• Eric Triesman, Stanford Graduate from Santa Fe NM, assisted in getting the US operations off the ground. Now a consultant member of the Institute.
  • Placide Poulin, original partner from Beauce, Québec, now the retired and very successful industrialist that headed of the MAAX group of companies. a member of the board of Camada Group.
  • Jacques Bernard Poirier, architect and founding president of Archimede Systems in 1981. Poirier is the actual director of the Institute.
  • Don Arrowsmith, of South Florida, is the ex-Navy pilot who built a marketing program for Archimede International. He is now retired and a member of our advisory board.


Shown at trade shows where sometimes there is only one day to put it up, the basic Archimede houses attracted crowds of up to 75,000 people in one weekend thorughout the early 80's. No one appeared to be surprised when it was hailed as 'Tomorrow's House', even though the actual purposes of sitting it high were:
  • To profit from small lots by parking the auto below it
  • To better resist floods and earthquakes
  • to create a higher space that would leave cold air below, along with boots, skis and snow covered clothing.
  • for the added security from robbery where only one door needs to be protected
  • And basically to profit from the views and the breezes afforded by elevated living.
It needs to be said that the speed of assembly reflects the speed of fabrication. Uniform repeatable parts allowed Archimede houses to be fully made 'from scratch'; all windows where of the same design and sizes, all were fixed with an insulated panel below for ventilation. And of course all panels were of the same size as explained elsewhere in this site.


Built on a granitic ledge high above the road, this house north of Quebec City was built on stilts to better fit that rock without dynamite, but also to better resist lateral ways of a moderate earthquake zone. Made up of 30-40 panels that were slid up the hill on a temporary set of parallell wooden rails, the shell was completed in just a few days. Few systems allow for such easy construction on difficult sites. The happy owners spent $30,000 for a house that cost $200 a year! to heat in frigid Quebec. (1983 figures need to be ajusted). The original concept of this house was made to fit arctic needs, mainly that it is forbidden to build directly on the frozen permafrost, as any house would quickly bury itself in the bog when the heat losses attack the frozen ground. Sales farther and farther to the south made Archimede staff quickly realize that the house had plenty of other qualities to appeal to a more universal group of buyers as far south as Venezuela and Tanzania.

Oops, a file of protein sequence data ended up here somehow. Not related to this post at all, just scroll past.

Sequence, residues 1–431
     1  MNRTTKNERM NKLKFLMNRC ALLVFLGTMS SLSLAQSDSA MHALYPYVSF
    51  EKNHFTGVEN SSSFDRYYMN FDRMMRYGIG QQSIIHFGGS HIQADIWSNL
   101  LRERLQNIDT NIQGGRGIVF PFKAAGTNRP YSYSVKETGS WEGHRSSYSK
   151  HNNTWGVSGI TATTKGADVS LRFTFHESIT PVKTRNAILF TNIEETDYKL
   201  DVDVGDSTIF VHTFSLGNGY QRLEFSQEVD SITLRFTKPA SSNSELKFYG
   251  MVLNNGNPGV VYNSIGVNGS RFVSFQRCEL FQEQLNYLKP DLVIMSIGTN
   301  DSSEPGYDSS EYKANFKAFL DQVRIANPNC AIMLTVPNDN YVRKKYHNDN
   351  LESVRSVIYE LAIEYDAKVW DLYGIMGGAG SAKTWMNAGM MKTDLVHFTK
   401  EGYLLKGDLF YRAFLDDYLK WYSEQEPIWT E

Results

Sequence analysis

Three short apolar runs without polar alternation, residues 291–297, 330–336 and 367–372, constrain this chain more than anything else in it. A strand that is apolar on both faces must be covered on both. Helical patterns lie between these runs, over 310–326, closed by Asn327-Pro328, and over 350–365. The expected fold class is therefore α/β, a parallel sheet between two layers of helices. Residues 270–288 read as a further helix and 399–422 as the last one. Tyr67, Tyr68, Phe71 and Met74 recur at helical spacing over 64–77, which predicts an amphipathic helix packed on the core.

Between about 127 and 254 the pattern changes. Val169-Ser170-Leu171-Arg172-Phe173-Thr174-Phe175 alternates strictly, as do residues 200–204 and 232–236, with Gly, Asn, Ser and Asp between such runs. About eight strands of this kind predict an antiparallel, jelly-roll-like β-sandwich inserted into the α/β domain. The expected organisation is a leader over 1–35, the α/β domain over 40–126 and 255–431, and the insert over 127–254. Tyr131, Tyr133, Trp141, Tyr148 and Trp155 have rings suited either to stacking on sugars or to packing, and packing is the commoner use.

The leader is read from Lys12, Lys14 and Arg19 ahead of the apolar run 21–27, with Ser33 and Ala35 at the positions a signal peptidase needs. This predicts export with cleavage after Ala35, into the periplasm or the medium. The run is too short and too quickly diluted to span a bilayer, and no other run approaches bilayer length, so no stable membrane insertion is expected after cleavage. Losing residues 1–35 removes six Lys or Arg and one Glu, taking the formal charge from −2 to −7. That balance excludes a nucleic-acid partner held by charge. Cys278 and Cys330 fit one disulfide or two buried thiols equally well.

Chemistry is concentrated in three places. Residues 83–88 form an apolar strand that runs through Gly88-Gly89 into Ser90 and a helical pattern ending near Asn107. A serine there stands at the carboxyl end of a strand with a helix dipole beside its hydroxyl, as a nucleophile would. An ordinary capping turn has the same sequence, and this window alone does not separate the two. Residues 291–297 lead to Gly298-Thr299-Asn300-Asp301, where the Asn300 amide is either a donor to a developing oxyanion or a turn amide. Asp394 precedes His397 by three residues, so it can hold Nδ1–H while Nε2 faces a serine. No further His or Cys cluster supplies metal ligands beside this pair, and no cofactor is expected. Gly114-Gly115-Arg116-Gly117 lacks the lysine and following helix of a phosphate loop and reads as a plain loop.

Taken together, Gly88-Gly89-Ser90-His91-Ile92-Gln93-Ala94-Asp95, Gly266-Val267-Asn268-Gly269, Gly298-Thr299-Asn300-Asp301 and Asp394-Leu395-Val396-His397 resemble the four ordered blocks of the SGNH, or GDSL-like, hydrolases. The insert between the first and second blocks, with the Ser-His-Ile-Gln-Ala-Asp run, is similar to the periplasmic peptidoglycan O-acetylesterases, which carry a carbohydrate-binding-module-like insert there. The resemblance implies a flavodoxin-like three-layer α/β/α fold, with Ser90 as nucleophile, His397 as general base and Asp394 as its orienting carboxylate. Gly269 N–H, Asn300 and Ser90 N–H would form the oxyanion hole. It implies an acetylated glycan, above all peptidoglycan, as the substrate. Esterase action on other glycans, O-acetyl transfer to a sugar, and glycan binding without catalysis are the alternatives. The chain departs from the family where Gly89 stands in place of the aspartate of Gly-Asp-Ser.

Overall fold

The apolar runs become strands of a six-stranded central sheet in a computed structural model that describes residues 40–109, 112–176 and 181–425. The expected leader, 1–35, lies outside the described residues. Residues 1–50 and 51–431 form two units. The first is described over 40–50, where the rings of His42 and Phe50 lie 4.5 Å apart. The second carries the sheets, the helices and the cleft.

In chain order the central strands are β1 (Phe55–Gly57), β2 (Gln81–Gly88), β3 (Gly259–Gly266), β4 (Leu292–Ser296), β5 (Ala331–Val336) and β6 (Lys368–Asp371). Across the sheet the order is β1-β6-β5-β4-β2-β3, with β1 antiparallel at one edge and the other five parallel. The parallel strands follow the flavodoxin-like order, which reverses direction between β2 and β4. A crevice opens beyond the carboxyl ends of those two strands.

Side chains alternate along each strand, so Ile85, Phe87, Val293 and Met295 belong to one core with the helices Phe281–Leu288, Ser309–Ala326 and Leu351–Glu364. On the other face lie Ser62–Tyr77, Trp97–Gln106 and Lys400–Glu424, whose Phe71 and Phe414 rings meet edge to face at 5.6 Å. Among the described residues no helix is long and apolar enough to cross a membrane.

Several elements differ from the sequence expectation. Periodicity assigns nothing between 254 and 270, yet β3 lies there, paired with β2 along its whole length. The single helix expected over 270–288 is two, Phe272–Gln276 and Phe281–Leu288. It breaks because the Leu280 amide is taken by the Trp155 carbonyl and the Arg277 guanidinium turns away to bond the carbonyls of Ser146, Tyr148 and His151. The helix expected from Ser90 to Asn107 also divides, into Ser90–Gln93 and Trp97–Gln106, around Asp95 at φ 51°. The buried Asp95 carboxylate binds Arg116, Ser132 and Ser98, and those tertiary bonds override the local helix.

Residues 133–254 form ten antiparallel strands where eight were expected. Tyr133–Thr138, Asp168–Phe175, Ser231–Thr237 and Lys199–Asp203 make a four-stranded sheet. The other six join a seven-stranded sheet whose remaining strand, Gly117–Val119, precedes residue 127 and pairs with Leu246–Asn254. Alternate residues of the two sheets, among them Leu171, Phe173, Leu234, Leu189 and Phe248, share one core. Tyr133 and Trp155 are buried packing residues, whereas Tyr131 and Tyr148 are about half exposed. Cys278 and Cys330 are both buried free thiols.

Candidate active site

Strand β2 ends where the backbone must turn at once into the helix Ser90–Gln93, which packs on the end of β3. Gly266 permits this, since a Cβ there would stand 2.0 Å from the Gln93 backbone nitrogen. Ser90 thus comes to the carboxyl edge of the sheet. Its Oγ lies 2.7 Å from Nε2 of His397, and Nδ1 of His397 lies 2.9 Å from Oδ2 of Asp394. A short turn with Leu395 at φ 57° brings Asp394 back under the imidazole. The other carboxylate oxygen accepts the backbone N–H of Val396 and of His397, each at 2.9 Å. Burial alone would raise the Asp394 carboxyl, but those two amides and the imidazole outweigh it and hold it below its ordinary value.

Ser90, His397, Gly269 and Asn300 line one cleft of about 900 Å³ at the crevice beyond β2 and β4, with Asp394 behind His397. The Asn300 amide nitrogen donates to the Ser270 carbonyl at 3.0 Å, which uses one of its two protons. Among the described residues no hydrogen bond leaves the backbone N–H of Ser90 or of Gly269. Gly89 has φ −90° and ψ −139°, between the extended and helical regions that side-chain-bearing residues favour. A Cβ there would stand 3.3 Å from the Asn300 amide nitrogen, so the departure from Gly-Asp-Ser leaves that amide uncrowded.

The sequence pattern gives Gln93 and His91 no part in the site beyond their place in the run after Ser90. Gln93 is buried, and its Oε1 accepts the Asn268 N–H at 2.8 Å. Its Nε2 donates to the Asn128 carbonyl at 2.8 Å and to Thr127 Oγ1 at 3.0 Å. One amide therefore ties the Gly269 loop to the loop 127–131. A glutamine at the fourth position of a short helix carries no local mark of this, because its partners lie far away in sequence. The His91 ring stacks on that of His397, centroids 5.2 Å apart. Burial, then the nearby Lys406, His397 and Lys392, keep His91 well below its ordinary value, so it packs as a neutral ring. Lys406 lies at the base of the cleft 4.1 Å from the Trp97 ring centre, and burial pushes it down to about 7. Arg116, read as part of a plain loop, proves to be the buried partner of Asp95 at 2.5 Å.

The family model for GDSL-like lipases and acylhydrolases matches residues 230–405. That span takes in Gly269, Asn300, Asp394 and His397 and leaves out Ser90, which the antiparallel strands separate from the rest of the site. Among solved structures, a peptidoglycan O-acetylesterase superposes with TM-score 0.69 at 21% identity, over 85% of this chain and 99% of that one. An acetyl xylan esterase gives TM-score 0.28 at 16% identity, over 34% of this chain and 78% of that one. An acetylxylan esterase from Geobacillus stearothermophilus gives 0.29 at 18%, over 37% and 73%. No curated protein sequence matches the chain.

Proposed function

Buckminster Fuller created domes while at the same time others like Steve Baert were developing 'zomes' a contraction of 'dome' and 'zonahedron', as a way to overcome the limitations set by the little domes that people where building left in right in the sixties. To the left a 3/4 dome built by an artist friend of mine, Jean-Louis Milette of Contrecoeur QC (shown standing on skis at the right ). Jean-Marie built it on a hillside in a way that his studio is one floor below, entirely exposed on the opposite side by having the dome close in below its equator, thus the name (3/4 dome). Most panels are slightly different in size although all are triangles. Which leads me to explain the difference between DOMES and ZOMES using Steve's simplification:
"Domes are a complicated way to achieve simple shapes, while zomes are simple ways to achieve complicated shapes'.
Indeed, in our zome style houses, only two sizes of panels made from the same molds achieve complicated resort complexes and housing that wouyld be impossible to combine as domes. However, we need to underline the fact that domes do give the maximum volume for the smallest outside envelope. They also provide the lowest wind drag of al structures.